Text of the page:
Ask the majority of people about Lady Jane Grey and they will probably know that she was ‘Queen for Nine Days’ and that she was executed at the Tower of London but that will be about as much as they will know. Ask them who Jane Dudley was and again not many would be able to answer. The sad truth being that Lady Jane Grey’s life was cut short at the tender age of sixteen and only nine days of it remembered. As well as being up against the more familiar figures of Tudor history eg Henry VIII, Anne Boleyn, Mary I and of course Elizabeth I, she has perhaps become one of the less significant persons in Tudor history.

From the day she was born the stars didn’t favour Jane and her life must be one of the saddest in history. Let me take you back to the day in October 1537 when Jane made her first appearance to the world.

Her father was Henry Grey (who was created Duke of Suffolk in 1551) and her mother was Frances Brandon, daughter of Charles Brandon through his marriage to Mary Tudor – Henry VIII’s sister, hence making Jane the great granddaughter of Henry VII. In a time of religious turmoil Jane was a Protestant from birth.

Jane was born at Bradgate Park in Leicestershire and when she was just two days old she was already pushed out of the limelight with the birth of Edward VI, the royal heir to the throne. Not wanting to miss out on the celebrations her father left to go to Court. Over the next few years of her childhood she was brought up by her cold and heartless parents. In her own words she said that her parents were sharp and severe as she was brought up to a life of neglect and abuse with regular beatings to ‘harden her’. In her own words she felt “….sharply taunted, so cruelly threatened …..I think myself in Hell.”

Despite her miserable upbringing Jane found refuge in her studies and was an excellent student. She turned out to be a fine woman with a humanitarian approach to life who preferred to read rather than to hunt. At the age of nine Jane went to Court to be looked after by Catherine Parr and it was here she found the love she craved and indeed thought more of Catherine than her own mother. But this love was short lived as when Catherine died in childbirth, Jane was sent back to her parents. She would never find happiness again.

Knowing that King Edward VI would probably die soon, her parents made plans for Jane so they could use her as a puppet to further their own ambitions. In May 1553 they informed her that she was to marry Guildford Dudley the Duke of Northumberland’s son. When she refused they beat her until she obeyed. After the marriage she went to live with his family who she hated and in particular despised her father in law. It was here Jane suffered a nervous breakdown, but the dislike she had for Guildford lessened as she soon began to realise that he was being used as a pawn just as she was.

After two months of marriage, on July 6 1553 Edward VI died and he favoured Jane to become the next Queen instead of his half sisters Mary and Elizabeth. On July 9 1553 Jane became Queen and was taken to the Tower of London to await her Coronation.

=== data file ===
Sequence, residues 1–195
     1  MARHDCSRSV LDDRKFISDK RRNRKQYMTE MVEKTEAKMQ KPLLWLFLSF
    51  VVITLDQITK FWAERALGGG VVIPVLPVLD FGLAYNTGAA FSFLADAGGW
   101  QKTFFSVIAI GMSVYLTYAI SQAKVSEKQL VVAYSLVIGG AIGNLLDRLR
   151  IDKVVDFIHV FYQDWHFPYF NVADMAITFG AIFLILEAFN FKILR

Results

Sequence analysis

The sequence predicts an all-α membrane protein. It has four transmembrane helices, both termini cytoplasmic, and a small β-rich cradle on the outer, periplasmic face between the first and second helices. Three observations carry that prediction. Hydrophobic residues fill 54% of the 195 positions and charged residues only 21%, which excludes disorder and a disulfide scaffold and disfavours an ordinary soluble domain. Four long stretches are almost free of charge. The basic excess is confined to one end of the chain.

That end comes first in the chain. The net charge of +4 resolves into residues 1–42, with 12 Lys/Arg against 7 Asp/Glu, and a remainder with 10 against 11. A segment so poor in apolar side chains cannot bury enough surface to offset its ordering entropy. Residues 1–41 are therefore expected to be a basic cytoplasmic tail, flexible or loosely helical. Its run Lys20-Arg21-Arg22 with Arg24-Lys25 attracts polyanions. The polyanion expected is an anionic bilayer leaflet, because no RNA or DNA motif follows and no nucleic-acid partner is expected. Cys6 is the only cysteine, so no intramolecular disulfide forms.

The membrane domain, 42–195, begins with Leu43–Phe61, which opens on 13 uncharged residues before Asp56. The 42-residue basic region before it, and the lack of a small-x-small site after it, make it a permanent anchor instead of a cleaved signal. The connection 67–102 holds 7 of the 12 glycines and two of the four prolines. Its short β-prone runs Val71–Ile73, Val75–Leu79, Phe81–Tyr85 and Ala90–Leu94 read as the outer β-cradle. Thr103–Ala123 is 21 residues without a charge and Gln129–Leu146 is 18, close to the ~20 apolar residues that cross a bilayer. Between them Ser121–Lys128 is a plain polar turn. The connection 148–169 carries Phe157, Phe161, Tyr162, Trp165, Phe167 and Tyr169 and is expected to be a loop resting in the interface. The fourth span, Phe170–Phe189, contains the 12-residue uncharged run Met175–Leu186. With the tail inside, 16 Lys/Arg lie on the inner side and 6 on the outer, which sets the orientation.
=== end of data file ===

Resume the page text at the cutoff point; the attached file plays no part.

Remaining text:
Although Jane did have a rightful claim to the throne through her Grandmother, Mary Tudor, she was not the rightful successor. England favoured a Catholic Queen so her father in law attempted to capture and imprison Mary but he failed and Mary rode through London to replace Jane as Queen.

A rebellion against Mary was started and this time Jane’s father was an active participant but this too failed. Arrested and charged with high treason Guildford and Jane were taken to the Tower where they remained until they both were found guilty and sentenced to death. Although Mary offered Jane her life in return for her agreeing to follow the Catholic faith – Jane refused.

On February 12 1554 Guildford was executed first, followed by Jane who had watched his headless body being taken away. Jane was executed at the Tower of London on 12 February 1554 at the age of 16.

Did Jane love Guildford? – No, it would appear that she didn’t but had they been given more time I think they would have found a lasting love. He pleaded with her to see him in the last few days before his execution, but she refused, although she cried to see him go to his execution. On his half the name Jane was engraved in the stone of his cell in the Tower.

Having lived near Bradgate Park for many years, I was lucky enough to be able to take my dogs there every week. It is such a magical place with the remains of the house where Jane and her family once lived. It is surrounded by forest where the many fallow and red deer still roam.

Legend has it that the foresters of Bradgate, after her execution, beheaded the Oak trees as a mark of respect to Lady Jane and they can still be seen today.

A legend also exists that Queen Victoria sent Jane’s body back to Bradgate Park for it to be buried there after it was exhumed at St Peter ad Vincula.

It isn’t hard to stand on a hill on a summer’s day and imagine the horses of the past thundering by with the news that Jane would be made Queen. Maybe I am biased as I have had such close connections with where a potentially great Queen once lived, but no one will ever know how England would have turned out under the rule of Queen Jane. One could only hope that it would have turned out less ‘Bloody’ than under the rule of her cousin Mary.

After a life of relentless misery, here was a young woman who stood by her faith and convictions to face her tragic end as the ‘innocent traitor’ and made her mark in history in just nine days.
May her spirit live on……..